Cobweb Palace

Historical Essay

by James Smith, originally posted on SF City Guides

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A famous drinking establishment was the Cobweb Palace, run by Abe Warner, a lover of spiders, who let them spin their webs without interference. The webs hung were festooned across the ceiling and down the walls.

Photo: San Francisco History Center, SF Public Library

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Meiggs Wharf depicted in an 1881 oil painting by Carl von Perbandt.

Image: courtesy Online Archive of California

Mid-nineteenth century San Francisco demanded entertainment. Pockets jingled with gold. The mines, the burgeoning shipping business, the merchant trade, and wild speculation fueled a runaway economy. Keyed to a fever pitch, the City wanted to play to blow off steam. San Franciscans were soon to show the world that they were not only getting rich, but knew how to spend it as well.

Abe Warner opened his Cobweb Palace at the foot of Meigg's Wharf on the northeast corner of Francisco and Powell Streets in 1856. His establishment earned its name by the curtains of cobwebs hanging from the rafters. Abe admired both spiders and their webs. Crowds gathered at Abe's tavern to view his extensive collection of oddities.

The Cobweb Palace displayed scrimshaw carved from sperm whale teeth and walrus tusks. Totem poles from Alaska adorned the entryway. Wonders from the Orient included Japanese No masks. War clubs and the like from the South Pacific and taxidermy of all sorts joined the collection.

Abe's live menagerie included trained parrots, monkeys, and various small animals as well as the occasional bear and kangaroo. One parrot named Warner Grandfather often spouted, "I'll have a rum and gum. What'll you have?" He swore in four languages and enjoyed the freedom of the saloon.

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Photo: San Francisco History Center, SF Public Library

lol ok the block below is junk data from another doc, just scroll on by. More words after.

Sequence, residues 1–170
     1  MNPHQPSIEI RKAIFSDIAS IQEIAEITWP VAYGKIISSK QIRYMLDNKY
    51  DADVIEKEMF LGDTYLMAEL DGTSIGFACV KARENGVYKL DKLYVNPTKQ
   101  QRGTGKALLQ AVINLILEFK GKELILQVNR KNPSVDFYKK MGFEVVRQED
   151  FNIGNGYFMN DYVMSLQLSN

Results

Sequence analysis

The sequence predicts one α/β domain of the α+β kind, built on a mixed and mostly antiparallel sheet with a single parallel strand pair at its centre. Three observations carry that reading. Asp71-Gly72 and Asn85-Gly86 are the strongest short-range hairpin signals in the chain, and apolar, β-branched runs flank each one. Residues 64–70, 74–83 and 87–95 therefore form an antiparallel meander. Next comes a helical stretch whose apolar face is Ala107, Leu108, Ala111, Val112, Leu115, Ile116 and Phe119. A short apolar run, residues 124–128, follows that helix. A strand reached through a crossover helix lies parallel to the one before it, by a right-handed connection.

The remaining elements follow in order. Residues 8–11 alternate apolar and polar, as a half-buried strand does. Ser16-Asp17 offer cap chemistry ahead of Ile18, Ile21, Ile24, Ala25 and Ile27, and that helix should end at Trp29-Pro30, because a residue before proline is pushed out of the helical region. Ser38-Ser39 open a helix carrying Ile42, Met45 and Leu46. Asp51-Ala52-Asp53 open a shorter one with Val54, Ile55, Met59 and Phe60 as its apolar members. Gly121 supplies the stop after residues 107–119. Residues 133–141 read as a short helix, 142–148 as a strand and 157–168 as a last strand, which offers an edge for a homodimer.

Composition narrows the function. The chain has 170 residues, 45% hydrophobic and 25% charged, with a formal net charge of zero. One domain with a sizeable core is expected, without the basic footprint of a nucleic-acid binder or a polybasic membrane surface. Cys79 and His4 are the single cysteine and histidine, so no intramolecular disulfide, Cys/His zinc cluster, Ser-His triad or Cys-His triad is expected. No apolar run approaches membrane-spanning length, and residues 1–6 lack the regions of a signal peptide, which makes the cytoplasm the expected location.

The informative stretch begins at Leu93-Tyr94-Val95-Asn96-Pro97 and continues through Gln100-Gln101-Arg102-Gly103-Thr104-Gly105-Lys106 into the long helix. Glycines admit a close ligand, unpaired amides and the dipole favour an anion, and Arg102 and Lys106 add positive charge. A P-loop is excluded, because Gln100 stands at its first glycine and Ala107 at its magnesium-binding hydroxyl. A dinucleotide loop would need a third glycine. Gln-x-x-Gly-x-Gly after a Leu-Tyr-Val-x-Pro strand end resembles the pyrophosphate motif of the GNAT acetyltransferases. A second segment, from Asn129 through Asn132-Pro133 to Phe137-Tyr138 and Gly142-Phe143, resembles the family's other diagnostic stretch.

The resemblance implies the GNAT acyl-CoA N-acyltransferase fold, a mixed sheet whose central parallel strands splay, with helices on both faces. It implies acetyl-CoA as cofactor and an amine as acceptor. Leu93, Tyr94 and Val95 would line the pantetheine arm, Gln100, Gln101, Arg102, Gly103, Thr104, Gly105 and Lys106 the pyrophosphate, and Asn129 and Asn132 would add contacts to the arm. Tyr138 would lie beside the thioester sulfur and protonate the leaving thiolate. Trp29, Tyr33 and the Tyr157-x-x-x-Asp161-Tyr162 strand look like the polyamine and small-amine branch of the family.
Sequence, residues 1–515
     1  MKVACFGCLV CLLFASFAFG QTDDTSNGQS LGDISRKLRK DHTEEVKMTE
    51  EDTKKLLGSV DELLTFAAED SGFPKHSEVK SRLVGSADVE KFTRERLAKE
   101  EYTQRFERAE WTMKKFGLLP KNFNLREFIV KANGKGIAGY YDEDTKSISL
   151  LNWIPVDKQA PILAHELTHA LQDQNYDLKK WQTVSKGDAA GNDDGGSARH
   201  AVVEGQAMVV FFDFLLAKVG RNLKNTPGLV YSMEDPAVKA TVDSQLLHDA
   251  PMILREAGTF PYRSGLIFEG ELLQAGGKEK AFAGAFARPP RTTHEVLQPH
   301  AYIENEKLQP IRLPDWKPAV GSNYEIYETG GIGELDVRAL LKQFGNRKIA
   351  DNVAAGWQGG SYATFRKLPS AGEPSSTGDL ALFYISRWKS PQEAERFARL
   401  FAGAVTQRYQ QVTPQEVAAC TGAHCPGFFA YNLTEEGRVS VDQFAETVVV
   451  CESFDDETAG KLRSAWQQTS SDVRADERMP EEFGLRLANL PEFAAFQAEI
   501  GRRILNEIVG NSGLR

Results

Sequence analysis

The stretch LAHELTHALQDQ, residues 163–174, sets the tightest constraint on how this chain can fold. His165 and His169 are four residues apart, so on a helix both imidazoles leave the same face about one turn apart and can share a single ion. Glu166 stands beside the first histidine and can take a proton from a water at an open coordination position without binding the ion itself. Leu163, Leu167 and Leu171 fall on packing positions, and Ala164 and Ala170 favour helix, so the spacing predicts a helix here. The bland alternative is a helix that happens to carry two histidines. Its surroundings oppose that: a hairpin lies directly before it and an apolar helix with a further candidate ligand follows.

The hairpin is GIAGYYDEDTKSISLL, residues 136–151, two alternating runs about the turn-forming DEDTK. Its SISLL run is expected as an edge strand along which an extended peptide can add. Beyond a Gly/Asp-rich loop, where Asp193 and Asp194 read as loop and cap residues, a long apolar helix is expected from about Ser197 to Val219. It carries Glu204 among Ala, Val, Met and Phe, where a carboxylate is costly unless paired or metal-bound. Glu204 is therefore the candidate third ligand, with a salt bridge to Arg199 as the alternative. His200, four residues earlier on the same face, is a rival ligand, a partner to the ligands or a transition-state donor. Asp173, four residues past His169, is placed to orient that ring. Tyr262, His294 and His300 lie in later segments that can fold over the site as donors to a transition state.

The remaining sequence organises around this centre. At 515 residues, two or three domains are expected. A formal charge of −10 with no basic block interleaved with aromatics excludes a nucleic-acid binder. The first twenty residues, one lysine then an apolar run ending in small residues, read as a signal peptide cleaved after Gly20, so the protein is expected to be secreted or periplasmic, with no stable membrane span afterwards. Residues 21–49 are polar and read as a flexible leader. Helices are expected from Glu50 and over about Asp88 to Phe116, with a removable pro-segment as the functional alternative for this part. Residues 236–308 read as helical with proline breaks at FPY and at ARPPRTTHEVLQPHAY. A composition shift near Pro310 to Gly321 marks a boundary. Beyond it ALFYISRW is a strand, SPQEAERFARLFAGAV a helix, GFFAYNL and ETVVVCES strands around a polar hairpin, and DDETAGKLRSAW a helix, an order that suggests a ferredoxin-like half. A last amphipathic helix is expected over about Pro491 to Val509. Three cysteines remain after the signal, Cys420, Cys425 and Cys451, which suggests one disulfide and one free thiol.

An old crippled sailor sat outside Abe's bar selling peanuts to young couples and children. Meant for tourists, the peanuts often found their way from little hands into the mouths of the parrots and monkeys. All manner of food and leftovers fed the bears. Abe spent almost nothing feeding his animals.

A visit to Meigg's Wharf offered a day of excitement. More than just a hangout for sailors and sea captains, Meigg's Wharf and the Cobweb Palace exuded a carnival atmosphere. On any Sunday, young couples and families strolled on the wharf, taking in the sights, visiting the shops, testing their skill at the shooting gallery, and sampling Abe's free chowder. The Palace offered a new experience for the locals and tourists: pier-side dining. The Dungeness crabs were sweet, succulent, and sure to please. Customers dined on simple fare of cracked crab, clam chowder, mussels, and an excellent local French bread.

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Cobweb Palace, c. 1880.

Photo: San Francisco History Center, SF Public Library

Abe had a fancy for tawdry paintings of nudes, and reputedly collected over a thousand. Dust and cobwebs obscured most of those hung on the walls. He was a tidy man, well groomed and of good reputation, the cleanliness of his bar notwithstanding. Abe held court over all from his usual position behind the bar. Though the drink of choice at Abe's was a hot toddy made of whisky and gin boiled with cloves, he also served the finest liquors and brandies from France.

Abe Warner retired in 1897 at the age of 80. By then, the state of Meigg's Wharf reflected a serious decline in business. The shipping trade returned to the piers by the new Ferry Building where the wide Embarcadero Road and new rail lines could quickly dispatch goods.

A breakwater surrounded Meigg's Wharf in the late nineteenth century, and the later landfill to that breakwater put the location of Abe's Cobweb Palace inland. That location, 2200 Powell Street, now houses a U.S. Post Office branch, over four blocks from the Embarcadero and the Bay.

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U.S. Post Office at 2200 Powell Street (right), former site of Cobweb Palace.

Photo: Chris Carlsson, 2021

Used by permission: James R. Smith, San Francisco's Lost Landmarks, Word Dancer Press, Sanger, CA © 2005, 2007